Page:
When we grow up, we tend to feel a void in our lives where our childlike imagination used to be. We outgrow it because it’s no longer appropriate for us to play “make-believe,” never realizing that reality can seem so empty without it. Nicholas Van Orton is an adult man, leading a very adult life. It was Jack Torrance from The Shining who famously said: “All work and no play makes Jack a dull boy.” The same could be said about Nicholas, who has more money than he knows what to do with, and nobody to spend it on. Favoring career advancement and material possessions over meaningful relationships and life experience, Nicholas is only now starting to feel the emptiness that was always there. That is, until he played The Game.
When his deadbeat brother shows up out of the blue to celebrate Nicholas’ birthday over lunch, Nicholas is given an opportunity to play The Game. One character calls it “a vacation, but one that comes to you.” That’s putting it lightly. With no information other than a business card that reads “Consumer Recreation Services,” he gets thrusts into a life-changing experience. The Game (1997) really hits its stride when Nicholas starts to lose his grasp on reality. When does The Game end and real life begin? It’s a question that the audience will be asking themselves, and the film does well in blurring those lines as neatly as it does.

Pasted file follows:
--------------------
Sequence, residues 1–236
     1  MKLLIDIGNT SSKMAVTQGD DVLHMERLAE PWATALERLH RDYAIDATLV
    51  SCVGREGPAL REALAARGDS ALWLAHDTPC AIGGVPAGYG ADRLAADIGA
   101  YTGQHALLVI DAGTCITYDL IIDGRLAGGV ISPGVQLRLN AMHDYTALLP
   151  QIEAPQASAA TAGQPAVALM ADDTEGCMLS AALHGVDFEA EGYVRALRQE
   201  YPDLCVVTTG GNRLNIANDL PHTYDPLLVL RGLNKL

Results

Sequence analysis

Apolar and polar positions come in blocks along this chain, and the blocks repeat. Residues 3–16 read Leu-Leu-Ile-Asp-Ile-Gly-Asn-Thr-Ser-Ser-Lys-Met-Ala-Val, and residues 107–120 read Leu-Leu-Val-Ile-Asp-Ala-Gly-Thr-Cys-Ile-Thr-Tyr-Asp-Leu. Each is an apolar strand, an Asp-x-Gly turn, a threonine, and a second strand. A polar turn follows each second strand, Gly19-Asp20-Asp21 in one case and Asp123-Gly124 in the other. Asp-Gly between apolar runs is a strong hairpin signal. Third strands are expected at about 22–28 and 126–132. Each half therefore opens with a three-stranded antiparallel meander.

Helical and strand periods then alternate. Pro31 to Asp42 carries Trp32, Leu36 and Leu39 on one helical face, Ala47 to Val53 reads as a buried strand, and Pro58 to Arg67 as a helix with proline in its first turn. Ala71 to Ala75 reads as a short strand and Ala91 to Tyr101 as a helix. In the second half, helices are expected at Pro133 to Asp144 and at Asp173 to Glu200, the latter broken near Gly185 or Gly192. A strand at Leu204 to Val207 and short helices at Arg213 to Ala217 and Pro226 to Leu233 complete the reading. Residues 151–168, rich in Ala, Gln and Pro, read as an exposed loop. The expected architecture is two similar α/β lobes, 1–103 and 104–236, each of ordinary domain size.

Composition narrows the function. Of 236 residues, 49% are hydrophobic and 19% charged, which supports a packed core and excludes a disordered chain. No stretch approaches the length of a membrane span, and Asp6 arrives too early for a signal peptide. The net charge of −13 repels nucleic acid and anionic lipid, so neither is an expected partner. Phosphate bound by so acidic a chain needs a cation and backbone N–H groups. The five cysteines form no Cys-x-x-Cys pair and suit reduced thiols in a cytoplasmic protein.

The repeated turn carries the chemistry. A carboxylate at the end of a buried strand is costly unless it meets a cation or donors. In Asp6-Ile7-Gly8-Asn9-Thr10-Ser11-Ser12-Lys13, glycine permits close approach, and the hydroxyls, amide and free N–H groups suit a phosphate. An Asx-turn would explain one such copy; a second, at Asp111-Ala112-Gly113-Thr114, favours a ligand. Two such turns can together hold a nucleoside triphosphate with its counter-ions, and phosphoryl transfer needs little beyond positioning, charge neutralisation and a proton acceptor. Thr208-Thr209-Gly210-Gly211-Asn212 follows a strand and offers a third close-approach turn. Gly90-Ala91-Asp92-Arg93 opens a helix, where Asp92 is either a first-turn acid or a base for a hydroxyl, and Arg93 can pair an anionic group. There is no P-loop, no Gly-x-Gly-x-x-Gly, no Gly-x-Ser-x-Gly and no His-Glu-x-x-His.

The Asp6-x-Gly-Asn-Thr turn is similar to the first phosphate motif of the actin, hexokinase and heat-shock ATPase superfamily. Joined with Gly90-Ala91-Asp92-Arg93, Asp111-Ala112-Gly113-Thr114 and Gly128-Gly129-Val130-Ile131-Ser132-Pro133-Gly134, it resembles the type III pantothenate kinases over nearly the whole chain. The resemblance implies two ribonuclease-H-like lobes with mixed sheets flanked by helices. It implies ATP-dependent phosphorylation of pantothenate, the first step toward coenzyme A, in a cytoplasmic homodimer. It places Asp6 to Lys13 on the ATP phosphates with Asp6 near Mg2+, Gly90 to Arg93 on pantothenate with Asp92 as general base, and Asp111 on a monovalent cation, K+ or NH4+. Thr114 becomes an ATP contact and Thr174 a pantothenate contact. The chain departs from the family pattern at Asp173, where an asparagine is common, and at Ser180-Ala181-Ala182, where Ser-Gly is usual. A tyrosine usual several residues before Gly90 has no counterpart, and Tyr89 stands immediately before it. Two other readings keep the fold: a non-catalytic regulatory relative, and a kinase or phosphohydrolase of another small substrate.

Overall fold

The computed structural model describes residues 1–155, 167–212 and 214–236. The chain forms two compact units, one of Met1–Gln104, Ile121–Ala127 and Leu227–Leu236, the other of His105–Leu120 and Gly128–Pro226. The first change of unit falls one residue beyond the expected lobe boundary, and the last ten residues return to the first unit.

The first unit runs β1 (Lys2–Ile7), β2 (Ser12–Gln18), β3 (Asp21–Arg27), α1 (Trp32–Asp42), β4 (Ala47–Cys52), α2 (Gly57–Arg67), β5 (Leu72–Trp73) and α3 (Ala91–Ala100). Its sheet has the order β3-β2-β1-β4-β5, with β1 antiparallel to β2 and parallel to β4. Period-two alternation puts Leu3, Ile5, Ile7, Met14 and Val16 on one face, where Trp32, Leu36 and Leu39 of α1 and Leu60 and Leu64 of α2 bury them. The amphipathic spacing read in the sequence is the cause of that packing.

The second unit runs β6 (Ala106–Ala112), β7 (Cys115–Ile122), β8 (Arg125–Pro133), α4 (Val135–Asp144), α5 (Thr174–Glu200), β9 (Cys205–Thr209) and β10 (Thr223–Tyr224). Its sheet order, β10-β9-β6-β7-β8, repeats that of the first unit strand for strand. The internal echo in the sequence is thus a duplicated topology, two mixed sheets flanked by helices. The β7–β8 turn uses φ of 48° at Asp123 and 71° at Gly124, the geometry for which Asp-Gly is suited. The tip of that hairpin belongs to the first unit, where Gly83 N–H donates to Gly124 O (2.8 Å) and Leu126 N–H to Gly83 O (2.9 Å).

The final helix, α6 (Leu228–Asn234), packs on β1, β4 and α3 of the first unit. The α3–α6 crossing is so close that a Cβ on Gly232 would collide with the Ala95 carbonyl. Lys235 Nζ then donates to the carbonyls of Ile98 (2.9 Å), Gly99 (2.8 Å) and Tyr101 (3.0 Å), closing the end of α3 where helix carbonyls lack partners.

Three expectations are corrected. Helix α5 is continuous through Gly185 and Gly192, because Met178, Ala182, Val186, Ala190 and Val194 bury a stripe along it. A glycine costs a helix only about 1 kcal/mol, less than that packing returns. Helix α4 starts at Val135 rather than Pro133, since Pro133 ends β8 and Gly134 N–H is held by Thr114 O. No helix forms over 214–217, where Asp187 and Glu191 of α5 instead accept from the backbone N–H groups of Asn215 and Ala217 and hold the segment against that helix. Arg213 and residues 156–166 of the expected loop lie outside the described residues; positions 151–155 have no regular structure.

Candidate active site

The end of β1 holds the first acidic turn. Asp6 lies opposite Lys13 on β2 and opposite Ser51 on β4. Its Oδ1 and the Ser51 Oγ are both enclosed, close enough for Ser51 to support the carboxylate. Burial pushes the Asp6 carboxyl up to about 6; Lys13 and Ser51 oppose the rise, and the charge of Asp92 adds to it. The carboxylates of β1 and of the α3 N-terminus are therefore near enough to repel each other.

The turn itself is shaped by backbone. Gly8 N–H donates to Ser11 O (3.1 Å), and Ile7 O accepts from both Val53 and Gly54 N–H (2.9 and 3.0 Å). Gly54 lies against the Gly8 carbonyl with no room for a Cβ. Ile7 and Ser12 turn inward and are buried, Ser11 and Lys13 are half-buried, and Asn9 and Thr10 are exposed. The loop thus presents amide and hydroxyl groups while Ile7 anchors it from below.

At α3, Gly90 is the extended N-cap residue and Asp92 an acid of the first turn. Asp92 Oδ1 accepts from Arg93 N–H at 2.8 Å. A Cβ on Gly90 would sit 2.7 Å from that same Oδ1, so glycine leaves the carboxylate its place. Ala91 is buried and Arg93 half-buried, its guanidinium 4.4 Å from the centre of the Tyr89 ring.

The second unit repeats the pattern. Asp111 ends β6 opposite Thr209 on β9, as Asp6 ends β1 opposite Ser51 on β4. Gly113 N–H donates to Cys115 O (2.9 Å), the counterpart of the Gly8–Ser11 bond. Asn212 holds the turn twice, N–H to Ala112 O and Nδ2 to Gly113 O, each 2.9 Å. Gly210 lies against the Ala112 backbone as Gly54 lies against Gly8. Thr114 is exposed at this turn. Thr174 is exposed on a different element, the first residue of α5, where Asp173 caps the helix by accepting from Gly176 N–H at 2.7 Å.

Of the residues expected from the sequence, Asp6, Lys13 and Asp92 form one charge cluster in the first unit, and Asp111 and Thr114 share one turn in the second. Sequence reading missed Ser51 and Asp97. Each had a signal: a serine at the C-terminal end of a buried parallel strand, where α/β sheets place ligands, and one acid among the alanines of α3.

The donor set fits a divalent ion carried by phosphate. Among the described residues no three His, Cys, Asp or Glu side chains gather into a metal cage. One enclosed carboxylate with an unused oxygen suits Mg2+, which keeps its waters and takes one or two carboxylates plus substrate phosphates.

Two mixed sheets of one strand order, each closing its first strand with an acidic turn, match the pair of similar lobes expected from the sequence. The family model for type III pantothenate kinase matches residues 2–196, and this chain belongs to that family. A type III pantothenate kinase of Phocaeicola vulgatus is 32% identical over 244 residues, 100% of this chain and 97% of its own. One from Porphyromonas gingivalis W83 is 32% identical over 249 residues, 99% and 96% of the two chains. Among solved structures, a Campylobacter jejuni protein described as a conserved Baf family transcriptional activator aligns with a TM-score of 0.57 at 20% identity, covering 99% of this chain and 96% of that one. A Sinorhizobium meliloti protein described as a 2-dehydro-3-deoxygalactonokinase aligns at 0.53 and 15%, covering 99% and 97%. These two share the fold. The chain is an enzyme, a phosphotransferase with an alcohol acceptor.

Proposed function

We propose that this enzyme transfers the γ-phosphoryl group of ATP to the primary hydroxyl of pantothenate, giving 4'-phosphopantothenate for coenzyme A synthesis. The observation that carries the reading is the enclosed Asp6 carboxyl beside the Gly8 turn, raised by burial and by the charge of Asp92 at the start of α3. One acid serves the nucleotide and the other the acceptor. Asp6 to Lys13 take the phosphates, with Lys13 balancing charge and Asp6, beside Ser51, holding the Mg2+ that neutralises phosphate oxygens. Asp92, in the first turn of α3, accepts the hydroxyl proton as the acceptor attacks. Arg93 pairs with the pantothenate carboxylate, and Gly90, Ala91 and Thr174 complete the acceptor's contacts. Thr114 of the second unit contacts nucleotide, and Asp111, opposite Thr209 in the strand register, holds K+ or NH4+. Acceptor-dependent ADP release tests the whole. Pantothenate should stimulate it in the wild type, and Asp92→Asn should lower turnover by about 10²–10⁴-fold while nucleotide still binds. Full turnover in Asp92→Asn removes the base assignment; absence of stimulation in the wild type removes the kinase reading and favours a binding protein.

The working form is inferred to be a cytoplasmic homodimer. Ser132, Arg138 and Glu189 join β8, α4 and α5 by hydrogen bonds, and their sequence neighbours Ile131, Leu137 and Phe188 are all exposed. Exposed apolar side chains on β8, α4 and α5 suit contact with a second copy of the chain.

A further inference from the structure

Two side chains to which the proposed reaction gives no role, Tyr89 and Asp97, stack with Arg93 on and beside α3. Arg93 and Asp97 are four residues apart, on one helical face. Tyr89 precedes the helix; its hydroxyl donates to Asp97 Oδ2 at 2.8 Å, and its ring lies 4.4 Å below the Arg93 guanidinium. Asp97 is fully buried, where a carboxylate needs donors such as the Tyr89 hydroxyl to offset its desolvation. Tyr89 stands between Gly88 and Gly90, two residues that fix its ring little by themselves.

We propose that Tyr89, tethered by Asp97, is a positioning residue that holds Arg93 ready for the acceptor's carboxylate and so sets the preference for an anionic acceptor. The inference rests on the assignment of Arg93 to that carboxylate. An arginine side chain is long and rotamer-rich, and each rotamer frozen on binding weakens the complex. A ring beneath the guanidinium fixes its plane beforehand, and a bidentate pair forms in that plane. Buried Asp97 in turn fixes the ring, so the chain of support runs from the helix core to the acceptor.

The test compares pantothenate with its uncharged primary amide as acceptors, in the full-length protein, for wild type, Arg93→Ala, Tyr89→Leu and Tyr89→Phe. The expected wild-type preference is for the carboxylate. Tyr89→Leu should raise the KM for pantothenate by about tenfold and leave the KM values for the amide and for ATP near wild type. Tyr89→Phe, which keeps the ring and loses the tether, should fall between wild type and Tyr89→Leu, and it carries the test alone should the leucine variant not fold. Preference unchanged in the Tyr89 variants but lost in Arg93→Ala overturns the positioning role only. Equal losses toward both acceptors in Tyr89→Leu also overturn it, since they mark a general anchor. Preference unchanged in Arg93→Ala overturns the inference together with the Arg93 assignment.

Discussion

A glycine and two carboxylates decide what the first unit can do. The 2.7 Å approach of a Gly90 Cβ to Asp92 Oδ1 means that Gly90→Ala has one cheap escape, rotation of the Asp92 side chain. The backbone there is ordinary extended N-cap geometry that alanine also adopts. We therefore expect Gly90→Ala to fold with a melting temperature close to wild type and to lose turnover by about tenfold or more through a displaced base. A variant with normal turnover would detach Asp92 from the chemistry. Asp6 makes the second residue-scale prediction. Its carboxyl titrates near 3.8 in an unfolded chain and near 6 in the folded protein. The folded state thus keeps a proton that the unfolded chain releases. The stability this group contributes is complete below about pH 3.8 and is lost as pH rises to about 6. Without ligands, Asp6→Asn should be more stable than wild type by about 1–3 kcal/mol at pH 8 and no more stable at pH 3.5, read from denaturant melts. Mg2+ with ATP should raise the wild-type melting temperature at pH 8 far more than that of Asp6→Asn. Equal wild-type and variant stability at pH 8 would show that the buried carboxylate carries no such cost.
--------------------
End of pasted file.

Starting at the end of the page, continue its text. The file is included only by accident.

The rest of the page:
David Fincher (director of The Social Network, Fight Club, Se7en) sets the film primarily at night, highlighting the extremely dark nature of such an experience. When you take away a man’s distinction between real life and fantasy, it’s no longer just fun and games. Adults could stand to let some of their childhood imagination back into their lives, but it’s clear that there’s such a thing as too much. One doesn’t play The Game, so much as gets played by The Game. And that’s true of the film as well.